Thursday, January 21, 2010

Bath Poetry Cafe has had a worrying few weeks but the January meeting on Wednesday was able to celebrate a future now no longer precarious. This was a medley night, with a wonderful range of great readings skilfully choreographed by Sue Boyle whose passion for poetry always illuminates the room.

And this week I had the fantastic privilege of an interview for Plays International with Tom Morris, the much-admired new artistic director of Bristol Old Vic, who really is as awesome as his reputation. We met in a cafe near the theatre on a freezing morning so I greeted him from behind steamed-up glasses and dripping blood from a cut finger which decided to re-erupt, neither of which could be called a good look. But Tom was effortlessly polite and his enthusiasm for his new role and for the creative community comes across as utterly genuine. 'Our starting point is collaborative,' he says, emphasising how he's hugely excited by the 'crucible of culture' that Bristol is becoming. One example of his own contribution is Bristol Ferment, nine days of theatrical experimentation,“a forgiving environment were people can try things out and learn from performing whether an idea has legs” - which looks simply brilliant though frustratingly I'm already committed elsewhere on every night...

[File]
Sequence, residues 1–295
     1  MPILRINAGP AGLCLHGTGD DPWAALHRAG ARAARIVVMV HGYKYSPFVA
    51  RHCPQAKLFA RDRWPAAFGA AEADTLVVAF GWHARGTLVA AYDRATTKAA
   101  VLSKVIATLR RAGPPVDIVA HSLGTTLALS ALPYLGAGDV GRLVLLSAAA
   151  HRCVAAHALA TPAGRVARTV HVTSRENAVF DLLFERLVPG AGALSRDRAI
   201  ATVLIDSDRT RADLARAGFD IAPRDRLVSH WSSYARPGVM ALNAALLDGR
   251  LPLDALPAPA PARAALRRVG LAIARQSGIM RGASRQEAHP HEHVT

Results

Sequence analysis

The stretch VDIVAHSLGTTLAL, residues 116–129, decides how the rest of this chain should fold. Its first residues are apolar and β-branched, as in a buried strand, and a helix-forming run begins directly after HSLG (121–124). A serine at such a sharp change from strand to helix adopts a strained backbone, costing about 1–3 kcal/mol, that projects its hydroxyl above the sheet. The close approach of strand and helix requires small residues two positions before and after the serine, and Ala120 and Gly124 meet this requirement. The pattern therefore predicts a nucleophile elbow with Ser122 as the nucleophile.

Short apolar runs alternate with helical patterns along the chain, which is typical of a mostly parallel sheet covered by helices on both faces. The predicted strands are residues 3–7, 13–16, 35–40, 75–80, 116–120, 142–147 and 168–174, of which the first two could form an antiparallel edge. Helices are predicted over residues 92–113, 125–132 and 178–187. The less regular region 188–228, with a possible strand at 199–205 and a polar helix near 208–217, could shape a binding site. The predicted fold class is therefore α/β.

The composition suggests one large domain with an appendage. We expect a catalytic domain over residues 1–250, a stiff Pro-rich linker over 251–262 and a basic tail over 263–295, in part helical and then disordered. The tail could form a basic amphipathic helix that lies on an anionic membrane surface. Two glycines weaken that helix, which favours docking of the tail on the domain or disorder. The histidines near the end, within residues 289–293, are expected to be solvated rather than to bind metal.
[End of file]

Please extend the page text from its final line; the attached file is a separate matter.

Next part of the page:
“It is only when the bodies start piling up that the world takes notice of Haiti” wrote Andrew Marshall in The Independent. That was back in 2000, as a sombre tribute to Jean Dominique, Haitian journalist and human rights activist, assassinated on the steps of his radio station. I'm abashed to admit I knew nothing about this charismatic champion of the powerless and campaigner for justice, until the Haiti benefit night organised by my friend Niamh included a showing of his life story. The Agronomist was made soon after his murder by Oscar award-winning Jonathan Demme who also directed The Silence of the Lambs. Jean Dominique knew his struggle was his death sentence: he believed "You cannot kill freedom, you cannot kill justice". Savagely sad and inspiring in equal measure, this is a story of a country in need of not just donations but far better treatment by the world beyond its borders.

This week's weird footnote: A reading test!
I cdnuolt blveiee that I cluod aulaclty uesdnatnrd waht I was rdanieg. The phaonmneal pweor of the hmuan mnid, aoccdrnig to a rscheearch at Cmabrigde Uinervtisy, it deosn't mttaer in what oredr the ltteers in a word are, the olny iprmoatnt tihng is that the first and last ltteer be in the r ghit pclae. The rset can be a taotl mses and you can still raed it wouthit a porbelm. This is bcuseae the huamn mnid deos not raed ervey lteter by istlef, but the word as a wlohe. Amzanig huh? Yaeh and I awlyas tghuhot slpeling was ipmorantt!

- and a totally irrelevant image of Bristol docks on the first night of that much-welcomed thaw.

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